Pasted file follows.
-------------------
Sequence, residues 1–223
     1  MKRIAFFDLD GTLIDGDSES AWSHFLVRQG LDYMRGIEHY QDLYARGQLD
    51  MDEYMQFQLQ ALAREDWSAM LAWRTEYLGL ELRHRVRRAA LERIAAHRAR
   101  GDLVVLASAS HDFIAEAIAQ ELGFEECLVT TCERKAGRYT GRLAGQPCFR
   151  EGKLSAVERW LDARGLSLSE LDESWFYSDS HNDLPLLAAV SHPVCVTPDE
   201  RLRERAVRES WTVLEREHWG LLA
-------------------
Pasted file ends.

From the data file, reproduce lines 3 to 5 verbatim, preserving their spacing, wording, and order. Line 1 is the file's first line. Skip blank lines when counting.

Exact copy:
    51  MDEYMQFQLQ ALAREDWSAM LAWRTEYLGL ELRHRVRRAA LERIAAHRAR
   101  GDLVVLASAS HDFIAEAIAQ ELGFEECLVT TCERKAGRYT GRLAGQPCFR
   151  EGKLSAVERW LDARGLSLSE LDESWFYSDS HNDLPLLAAV SHPVCVTPDE